More posts about Quebec City on Rambling Traveler:
Friday Photo Post: Quebec City
Le Chateau Frontenac
Friday Photo Post: More from Quebec City
Wall Murals of Quebec City
Friday Photo Post: Rue Saint Louis, Quebec City

Tuesday, May 22, 2007

Le Chateau Frontenac

chateau frontenac, quebec cityWe were lucky enough to stay at the Chateau Frontenac during our stay in Quebec City. While we were there, we toured the hotel with Gaston, a tour guide who played the part of a porter from the late 19th century. He had several interesting stories about the hotel and its guests. Some of what we learned:

The Chateau was built for the Canadian Pacific Railway in the late 1800's. Several luxury hotels were being built at the time, including Banff Springs Hotel and Windsor Station in Montreal. The railway wanted to encourage the wealthy to travel on its trains to visit those destinations, and the hotels were the lure.

The brick used for the hotel came from Scotland. It was used for ballast in ships coming to North America to get timber. When the ships arrived, they dumped the brick to make room for the timber. People used the free brick to build homes, and the builders of the Chateau did the same. The other stone used in the building is local blue limestone.

This is where the Quebec Conference of 1943 was held, when Winston Churchill, Franklin D. Roosevelt and William Lyon Mackenzie King planned Operation Overlord, otherwise know as D Day, the invasion of Normandy during World War II. The world leaders stayed at the Citadel while the military officers and staff stayed at the Chateau. The First Ladies were also at the hotel, helping to distract the press.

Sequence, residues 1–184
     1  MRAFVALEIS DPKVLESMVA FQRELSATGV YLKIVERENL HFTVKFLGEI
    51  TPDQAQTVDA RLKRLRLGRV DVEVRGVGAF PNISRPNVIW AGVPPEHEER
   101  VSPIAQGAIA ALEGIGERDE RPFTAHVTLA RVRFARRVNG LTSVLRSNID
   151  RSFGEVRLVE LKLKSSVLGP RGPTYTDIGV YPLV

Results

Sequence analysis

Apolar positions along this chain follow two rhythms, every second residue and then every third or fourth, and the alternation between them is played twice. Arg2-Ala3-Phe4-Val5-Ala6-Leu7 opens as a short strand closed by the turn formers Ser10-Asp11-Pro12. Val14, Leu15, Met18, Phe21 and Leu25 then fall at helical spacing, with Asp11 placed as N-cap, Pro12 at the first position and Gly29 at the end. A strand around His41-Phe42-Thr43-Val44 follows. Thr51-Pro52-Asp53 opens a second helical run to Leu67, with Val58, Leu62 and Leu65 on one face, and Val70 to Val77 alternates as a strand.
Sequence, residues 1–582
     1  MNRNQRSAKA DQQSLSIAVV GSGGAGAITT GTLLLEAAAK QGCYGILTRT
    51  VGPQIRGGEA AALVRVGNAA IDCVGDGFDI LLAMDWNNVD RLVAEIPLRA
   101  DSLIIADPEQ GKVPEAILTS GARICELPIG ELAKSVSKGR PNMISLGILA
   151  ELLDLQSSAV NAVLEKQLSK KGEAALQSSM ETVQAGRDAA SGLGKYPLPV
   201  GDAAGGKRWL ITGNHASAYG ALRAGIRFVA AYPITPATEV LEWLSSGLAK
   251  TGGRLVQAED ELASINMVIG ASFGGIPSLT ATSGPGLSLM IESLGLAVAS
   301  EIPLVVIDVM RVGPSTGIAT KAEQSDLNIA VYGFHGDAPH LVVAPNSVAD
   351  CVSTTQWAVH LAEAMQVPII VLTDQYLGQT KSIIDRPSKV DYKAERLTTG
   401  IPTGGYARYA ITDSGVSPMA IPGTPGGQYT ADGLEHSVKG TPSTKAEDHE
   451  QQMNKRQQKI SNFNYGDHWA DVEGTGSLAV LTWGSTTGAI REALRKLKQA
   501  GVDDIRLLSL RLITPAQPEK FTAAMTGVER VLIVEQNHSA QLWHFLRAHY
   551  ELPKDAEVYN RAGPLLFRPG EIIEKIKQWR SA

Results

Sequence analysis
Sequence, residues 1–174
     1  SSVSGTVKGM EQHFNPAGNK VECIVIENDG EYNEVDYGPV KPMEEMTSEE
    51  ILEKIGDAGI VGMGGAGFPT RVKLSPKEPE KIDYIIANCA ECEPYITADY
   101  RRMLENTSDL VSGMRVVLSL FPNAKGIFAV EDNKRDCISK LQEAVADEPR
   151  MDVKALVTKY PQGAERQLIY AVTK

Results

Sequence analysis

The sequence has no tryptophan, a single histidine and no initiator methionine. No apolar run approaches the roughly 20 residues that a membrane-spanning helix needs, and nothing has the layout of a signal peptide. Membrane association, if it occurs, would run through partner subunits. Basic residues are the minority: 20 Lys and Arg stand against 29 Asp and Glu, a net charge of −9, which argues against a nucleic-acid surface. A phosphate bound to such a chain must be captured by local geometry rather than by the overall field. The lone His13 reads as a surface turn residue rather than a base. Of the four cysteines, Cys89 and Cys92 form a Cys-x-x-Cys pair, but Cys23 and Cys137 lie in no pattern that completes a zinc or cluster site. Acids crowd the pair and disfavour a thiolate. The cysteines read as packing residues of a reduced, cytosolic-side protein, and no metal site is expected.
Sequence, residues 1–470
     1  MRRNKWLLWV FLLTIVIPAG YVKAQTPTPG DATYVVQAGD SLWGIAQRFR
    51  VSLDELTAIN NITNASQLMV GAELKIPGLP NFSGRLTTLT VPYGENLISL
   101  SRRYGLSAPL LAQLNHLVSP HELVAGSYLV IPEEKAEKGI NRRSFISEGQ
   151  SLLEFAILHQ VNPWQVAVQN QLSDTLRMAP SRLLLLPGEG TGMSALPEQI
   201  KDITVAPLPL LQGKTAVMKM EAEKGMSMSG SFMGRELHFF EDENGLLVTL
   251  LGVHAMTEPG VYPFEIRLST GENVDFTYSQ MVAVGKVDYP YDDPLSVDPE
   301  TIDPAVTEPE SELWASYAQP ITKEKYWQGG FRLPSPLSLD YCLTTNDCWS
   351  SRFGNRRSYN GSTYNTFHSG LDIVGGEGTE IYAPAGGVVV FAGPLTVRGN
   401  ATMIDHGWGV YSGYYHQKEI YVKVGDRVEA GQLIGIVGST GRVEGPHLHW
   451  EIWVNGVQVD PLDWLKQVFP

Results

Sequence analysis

chateau frontenac, quebec cityTours of the Chateau Frontenac are open to the public, and I highly recommend that you go on one. Be sure to ask a lot of questions. Someone asked Gaston why his outfit had leather sleeves and he explained that porters carried large trunks from the steamships and trains that arrived and the leather kept the shirts from ripping. They also kept the porters warm when they had to stand outside in cold weather. Most porters would tuck wool into the leather sleeves for extra protection.

Other posts about Quebec City on Rambling Traveler:
Friday Photo Post: Quebec City
Walking Around Quebec City
Friday Photo Post: More from Quebec City
Wall Murals of Quebec City
Friday Photo Post: Rue Saint Louis, Quebec City

Friday, May 18, 2007

Friday Photo Post: Quebec City

chateau frontenac, quebec cityWow. Quebec City is beautiful. At least the old city is, which is where we are staying and the only place we've seen so far. We arrived at the Chateau Frontenac in time for high tea and an interesting tour of the hotel. With a bit of time before dinner, we went outside to explore the area.

sous le fort, lower town, quebec cityIt was chilly, in the 40's, but it was sunny, and I still wore my sandals.

pub st patrick, rue garneau, quebec cityI love it when Doug travels to fun places for business and I get to tag along.

Other posts about Quebec City on Rambling Traveler:
Le Chateau Frontenac
Walking Around Quebec City
Friday Photo Post: More from Quebec City
Wall Murals of Quebec City
Friday Photo Post: Rue Saint Louis, Quebec City

Tuesday, May 15, 2007

Minnesota Fishing Opener

Gull Lake sunset, BrainerdGolden Shiners on a Lindy Rig with a 6 1/2 lb test line, slip bobber and red hook... Confused yet? I was when I was told this was how to catch a walleye on Gull Lake (thanks, George!) My youngest son actually used a floating red jig instead of the red hook, but he still managed to catch his first walleye this year. That seems to be some kind of right of passage in the Cashman family. He still has to learn how to filet the fish, but that can wait a couple years.